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It’s easy to avoid paying interest on credit card purchases. Simply pay your statement balance in full each month and, with most card issuers, that does the trick.
Yet sometimes credit card issuers have special promotional offers, known as deferred interest financing. These offers give you a chance to avoid interest in another way. With deferred interest, you can make a purchase now and pay it off later. In the meantime, you won’t pay any interest on qualifying purchases during the special financing period.
Sound too good to be true? It might be. There’s a catch and a potentially expensive one at that.
If you don’t understand the terms of a deferred interest offer, you could still wind up paying all of those interest fees before, during, or after the promotional period expires.
Deferred interest is interest that you’ve accrued on an account, but haven’t yet paid. Instead, the interest is delayed (aka deferred) for a period of time.
If you pay off your balance before the interest-free period expires, you could genuinely enjoy short-term free financing. But if you don’t pay off the total balance by the offer’s deadline, or if you miss a payment, the interest that’s been accruing in the background may be added to your account in one lump sum.
Deferred interest offers come in a variety of forms. They are commonly marketed by retailers and other companies for the purchase of big-ticket items like appliances, electronics, furniture, or even medical procedures.
Below is a hypothetical example of how a deferred interest offer on a credit card might work.
A deferred interest offer isn’t the same as 0% APR on a credit card. Either option could potentially help you save money on interest fees, but one — 0% APR — is hands down a better deal.
The following chart provides a side-by-side comparison between a 0% APR offer and a deferred interest promotion.*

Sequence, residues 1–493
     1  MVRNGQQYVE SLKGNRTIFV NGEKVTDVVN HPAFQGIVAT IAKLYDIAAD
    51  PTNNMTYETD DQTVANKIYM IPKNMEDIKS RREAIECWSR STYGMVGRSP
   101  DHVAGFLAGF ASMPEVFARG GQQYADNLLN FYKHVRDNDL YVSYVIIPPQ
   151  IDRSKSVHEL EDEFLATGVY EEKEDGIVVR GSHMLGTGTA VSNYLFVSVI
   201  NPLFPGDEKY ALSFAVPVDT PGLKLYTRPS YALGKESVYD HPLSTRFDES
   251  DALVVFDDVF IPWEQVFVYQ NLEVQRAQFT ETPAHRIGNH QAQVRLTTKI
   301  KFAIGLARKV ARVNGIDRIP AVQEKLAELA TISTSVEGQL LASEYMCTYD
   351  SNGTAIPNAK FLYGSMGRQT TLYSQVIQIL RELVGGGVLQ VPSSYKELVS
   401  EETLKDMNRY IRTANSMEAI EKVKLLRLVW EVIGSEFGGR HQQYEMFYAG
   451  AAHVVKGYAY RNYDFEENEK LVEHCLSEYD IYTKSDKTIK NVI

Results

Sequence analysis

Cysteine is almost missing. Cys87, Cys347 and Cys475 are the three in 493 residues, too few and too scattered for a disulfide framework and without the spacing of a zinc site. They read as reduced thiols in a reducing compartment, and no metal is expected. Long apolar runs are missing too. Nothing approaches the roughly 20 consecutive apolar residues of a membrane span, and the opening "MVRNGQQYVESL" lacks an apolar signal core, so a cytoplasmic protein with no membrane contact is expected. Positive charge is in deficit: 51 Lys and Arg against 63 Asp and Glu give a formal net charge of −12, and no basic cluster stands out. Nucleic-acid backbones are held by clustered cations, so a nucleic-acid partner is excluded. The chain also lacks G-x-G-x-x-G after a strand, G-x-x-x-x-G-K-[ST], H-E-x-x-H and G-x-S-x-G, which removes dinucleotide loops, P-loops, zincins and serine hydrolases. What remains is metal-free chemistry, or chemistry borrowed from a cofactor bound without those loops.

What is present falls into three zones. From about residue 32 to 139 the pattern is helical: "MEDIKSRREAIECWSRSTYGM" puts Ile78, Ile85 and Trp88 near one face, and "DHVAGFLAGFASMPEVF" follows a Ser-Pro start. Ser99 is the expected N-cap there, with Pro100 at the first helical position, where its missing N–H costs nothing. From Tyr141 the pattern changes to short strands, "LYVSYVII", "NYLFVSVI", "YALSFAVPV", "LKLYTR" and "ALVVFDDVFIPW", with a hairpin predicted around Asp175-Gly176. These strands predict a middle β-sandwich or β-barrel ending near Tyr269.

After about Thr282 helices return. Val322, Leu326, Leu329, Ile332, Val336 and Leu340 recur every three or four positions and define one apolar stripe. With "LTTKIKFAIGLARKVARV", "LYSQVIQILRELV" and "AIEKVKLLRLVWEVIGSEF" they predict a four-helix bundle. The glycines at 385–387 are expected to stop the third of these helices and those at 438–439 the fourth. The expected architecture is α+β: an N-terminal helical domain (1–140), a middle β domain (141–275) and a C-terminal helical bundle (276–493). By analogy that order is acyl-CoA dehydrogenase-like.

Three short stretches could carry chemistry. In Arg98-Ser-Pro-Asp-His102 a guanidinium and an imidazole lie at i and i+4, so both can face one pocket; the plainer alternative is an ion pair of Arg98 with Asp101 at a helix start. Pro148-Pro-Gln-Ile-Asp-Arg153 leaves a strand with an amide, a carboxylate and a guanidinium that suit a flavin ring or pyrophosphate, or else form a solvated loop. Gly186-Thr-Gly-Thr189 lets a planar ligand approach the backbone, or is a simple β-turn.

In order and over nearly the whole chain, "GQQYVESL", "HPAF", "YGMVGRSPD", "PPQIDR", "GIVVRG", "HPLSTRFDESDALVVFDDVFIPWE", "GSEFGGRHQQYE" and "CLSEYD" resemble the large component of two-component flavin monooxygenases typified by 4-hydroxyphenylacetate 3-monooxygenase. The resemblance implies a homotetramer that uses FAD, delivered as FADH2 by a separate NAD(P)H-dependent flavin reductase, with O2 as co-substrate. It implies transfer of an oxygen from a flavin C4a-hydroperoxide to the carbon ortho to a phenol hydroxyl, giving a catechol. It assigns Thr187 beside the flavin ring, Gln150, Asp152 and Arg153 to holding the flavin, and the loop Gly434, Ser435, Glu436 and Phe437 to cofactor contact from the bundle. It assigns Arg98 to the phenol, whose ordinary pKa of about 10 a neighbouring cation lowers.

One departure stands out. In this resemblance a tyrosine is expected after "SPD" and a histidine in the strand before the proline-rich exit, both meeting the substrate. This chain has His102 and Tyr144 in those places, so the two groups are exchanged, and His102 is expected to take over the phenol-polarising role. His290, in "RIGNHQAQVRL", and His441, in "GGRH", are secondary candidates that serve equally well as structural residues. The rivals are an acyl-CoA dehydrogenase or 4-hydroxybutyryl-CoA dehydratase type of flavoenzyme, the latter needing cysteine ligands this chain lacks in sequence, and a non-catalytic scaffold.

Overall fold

|0% APR||Deferred Interest|
|Promotional Offer||0% for 12 months||No interest if paid in full in 12 months|
|Amount paid during the promotional period ($250/month)||$3,000||$3,000|
|Remaining Balance (Principal) When Promo Expires||$1,000||$1,000|
|Interest Rate During Promo Period||0%||25%|
|Interest Accrued During Promo Period||$0||$1,000|
|Interest Rate After Promo Period||25%||25%|
|Amount Owed When Promo Period Ends||$1,000||$2,000|
*Note: This example is hypothetical. The amount of interest you pay will vary based on the terms of your account.
Deferred interest and zero-interest offers may sound similar on the surface. Yet, as you can see, these two types of offers can have very different impacts on your bank account.
Deferred interest is rare among credit cards from major issuers. Instead, deferred interest offers are more common with retail store credit cards and co-branded credit cards.
If you want to find out whether your credit card charges deferred interest on certain purchases, one of the following approaches may help.
Certain terms may indicate that a card offer is subject to deferred interest. For example, there may be cause for concern if you come across terms such as:
The CFPB recommends looking for the word “if” when you’re considering a promotional financing offer. The “if” is a red flag that there’s a catch involved. In other words, you might pay more than you expected in the end.
Most credit card companies don’t extend deferred interest financing promotions. But there are a few card issuers who do. Here’s a list of some of the worst offenders.
If you already signed up for a deferred interest offer, the following strategies might help you avoid common pitfalls.
It’s best to avoid deferred interest offers altogether. Unless you’re 100% certain you can pay off your full balance before the no-interest period ends, these promotional offers could come back to bite you.
The smartest way you can manage your credit cards is to never charge anything on an account that you can’t afford to pay off right away. If you need affordable, short-term financing for an emergency expense, either a 0% APR credit card or a low-interest personal loan should be a safer bet.
A deferred interest financing offer sounds like it will help you avoid paying interest. Yet in reality, these offers often only delay your interest fees until later — and they could punish you for a misstep along the way. Learn why deferred interest financing may not be nearly as attractive as it seems.
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